Archive for May, 2011
Wednesday is June 1 and June 1 begins our 90 days of listening through the New Testament together. For an overview of the plan, visit the landing page or download the brochure.
In Sunday’s message, “Partners in Crime,” Ryan pointed out how normal it was in the first century for believers to hear the word read out loud, evident when Paul wrote in Colossians 4:16, “when this letter has been read among you, have it also read in the church of the Laodiceans.” Hearing was the main way that Christians received the Word of God for many centuries. God, in His wisdom, chose to reveal Himself in words at a time before the printing press was invented. We can assume, then, that hearing is not only a legitimate but an important means of receiving God’s Word. It also happens to be particularly neglected in our time.
Some will read the Scriptures out loud, perhaps with their spouse or children. Others will listen in the car or at the gym with an iPod. If you’d prefer to read instead of hear the Scriptures, that’s just fine, but listen if you can.
Last week we introduced the plan on the blog and outlined a number of ways to obtain audio. Visit our 90 Days Through the New Testament landing page for more details, including instructions for how to obtain audio, a listening schedule, and help for how to pray as you read.
In the days ahead our schedule page will be updated with audio links all the way through August. For now, here are links for audio in the ESV narrated by Max McLean through the month of June using Bible Gateway’s helpful audio player.
- June 1 Matthew 1-4
- June 2 Matthew 5-6
- June 3 Matthew 7-9
- June 4 Matthew 10-11
- June 5 Matthew 12-13
- June 6 Matthew 14-16
- June 7 Matthew 17-19
- June 8 Matthew 20-21
- June 9 Matthew 22-23
- June 10 Matthew 24-25
- June 11 Matthew 26
- June 12 Matthew 27-28
- June 13 Mark 1-3
- June 14 Mark 4-5
- June 15 Mark 6-7
- June 16 Mark 8-9
- June 17 Mark 10-11
- June 18 Mark 12-13
- June 19 Mark 14
- June 20 Mark 15-16
- June 21 Luke 1-2
- June 22 Luke 3-4
- June 23 Luke 5-6
- June 24 Luke 7-8
- June 25 Luke 9-10
- June 26 Luke 11-12
- June 27 Luke 13-15
- June 28 Luke 16-18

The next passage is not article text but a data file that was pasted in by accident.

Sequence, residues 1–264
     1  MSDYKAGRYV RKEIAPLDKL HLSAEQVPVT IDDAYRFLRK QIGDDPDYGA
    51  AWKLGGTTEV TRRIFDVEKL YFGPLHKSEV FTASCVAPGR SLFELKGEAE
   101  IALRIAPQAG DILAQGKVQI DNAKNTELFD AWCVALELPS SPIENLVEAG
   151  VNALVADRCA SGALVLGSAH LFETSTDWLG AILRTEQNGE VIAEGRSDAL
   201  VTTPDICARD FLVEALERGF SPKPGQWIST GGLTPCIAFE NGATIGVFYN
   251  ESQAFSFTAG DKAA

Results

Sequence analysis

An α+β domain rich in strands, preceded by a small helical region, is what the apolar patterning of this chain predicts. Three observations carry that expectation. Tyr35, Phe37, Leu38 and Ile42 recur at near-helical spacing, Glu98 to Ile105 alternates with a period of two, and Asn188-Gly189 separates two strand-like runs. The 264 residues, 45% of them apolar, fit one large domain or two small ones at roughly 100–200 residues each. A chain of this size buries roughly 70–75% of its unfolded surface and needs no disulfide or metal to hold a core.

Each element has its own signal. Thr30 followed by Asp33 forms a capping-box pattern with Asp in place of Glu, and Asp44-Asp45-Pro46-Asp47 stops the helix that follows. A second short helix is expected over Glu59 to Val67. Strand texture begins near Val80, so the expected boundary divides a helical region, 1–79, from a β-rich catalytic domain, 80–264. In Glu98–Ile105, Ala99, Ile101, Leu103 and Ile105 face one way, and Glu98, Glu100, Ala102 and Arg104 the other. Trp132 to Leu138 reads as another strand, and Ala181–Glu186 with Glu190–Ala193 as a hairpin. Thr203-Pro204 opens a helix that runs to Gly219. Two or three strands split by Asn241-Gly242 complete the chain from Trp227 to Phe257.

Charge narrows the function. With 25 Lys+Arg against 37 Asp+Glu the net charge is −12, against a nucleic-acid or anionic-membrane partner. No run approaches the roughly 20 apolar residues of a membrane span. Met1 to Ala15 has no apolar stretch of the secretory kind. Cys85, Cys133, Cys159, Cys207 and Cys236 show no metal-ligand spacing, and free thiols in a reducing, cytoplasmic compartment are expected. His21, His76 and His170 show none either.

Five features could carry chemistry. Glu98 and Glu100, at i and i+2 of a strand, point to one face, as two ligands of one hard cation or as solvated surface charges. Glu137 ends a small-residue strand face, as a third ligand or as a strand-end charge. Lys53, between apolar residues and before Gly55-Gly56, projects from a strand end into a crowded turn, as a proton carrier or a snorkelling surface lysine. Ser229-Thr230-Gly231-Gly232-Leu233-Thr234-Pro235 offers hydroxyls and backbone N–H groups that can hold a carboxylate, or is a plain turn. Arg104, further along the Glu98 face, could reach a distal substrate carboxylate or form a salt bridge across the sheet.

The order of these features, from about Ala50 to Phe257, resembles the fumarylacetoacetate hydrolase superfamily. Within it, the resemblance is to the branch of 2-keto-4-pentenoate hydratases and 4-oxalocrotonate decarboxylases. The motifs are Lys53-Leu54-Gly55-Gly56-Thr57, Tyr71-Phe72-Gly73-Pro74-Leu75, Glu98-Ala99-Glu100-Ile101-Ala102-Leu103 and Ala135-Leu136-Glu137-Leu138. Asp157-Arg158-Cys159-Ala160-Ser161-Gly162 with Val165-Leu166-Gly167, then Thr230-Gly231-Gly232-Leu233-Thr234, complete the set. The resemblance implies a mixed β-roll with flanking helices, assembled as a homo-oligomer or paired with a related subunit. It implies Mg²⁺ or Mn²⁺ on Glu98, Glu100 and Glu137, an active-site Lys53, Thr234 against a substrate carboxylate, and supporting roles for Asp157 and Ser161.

- June 29 Luke 19-20
- June 30 Luke 21-22
This Sunday, Ron introduced a plan for DSC to listen through the New Testament together in 90 days.
With the exception of Sunday mornings, the majority of our Bible intake is through reading, made wonderfully possible by the wide availability of the printed Scriptures. But this means we don’t hear the Word of God read very often. Passages like Romans 10:17 remind us of how normal it was to speak of hearing the Word of God during the time when the Scriptures were written, “So faith comes by hearing, and hearing through the word of Christ.”
So, from June 1 to August 31, we will listen to the New Testament together for an average of 12 minutes a day, with July 1 and August 1 as catch-up days. In addition, this summer’s Sunday sermons will be a series of New Testament book overviews which follow the books we’re reading together.
Of course, you can certainly read through the New Testament with us, but if you do plan to listen, here are some ways to obtain audio:
- MP3 CD from Faith Comes by Hearing – These are available at no cost at the Information Center and through the church office.
- ESV Online – Listen for free on a computer or mobile device
- Faith Comes by Hearing – Download audio for the ESV
- Bible.is – Listen for free on a computer or mobile device
- ESV Hear the Word Audio Bible – Purchase MP3s from Crossway for 49.99
- Mouth – Read the New Testament out loud.
If you have never listened to the New Testament before, we encourage you to try this out as a fresh way to integrate God’s Word into your daily routine. This is good for spouses to do together, and it’s good for parents to do with children.
Brochures and reading plans are available at the Information Center and through the church office. We will also post a pdf of the series brochure in a follow up post next week on the blog.
In the gospel of Matthew, Jesus made it abundantly clear that we won’t know the day or hour of his return until he returns: Concerning “the day or the hour,” Jesus says, “no one knows” (Matthew 24:36, 25:13)
So how is it that Harold Camping and his followers could so certainly and earnestly expect the return of Christ on exactly May 21? How could they say, “The Bible guarantees it”? Can the Bible really be understood, or is it just a bag of unclarity and contradiction?
Ahead of May 21, W. Robert Godfrey published a five part series explaining how Camping reads the Bible and how Camping came to read the Bible that way: “The End of the World According to Harold Camping” Part 1, Part 2, Part 3, Part 4, Part 5.
In Part 1, Godfrey shows the connection between Camping’s educational background and his method for reading the Bible: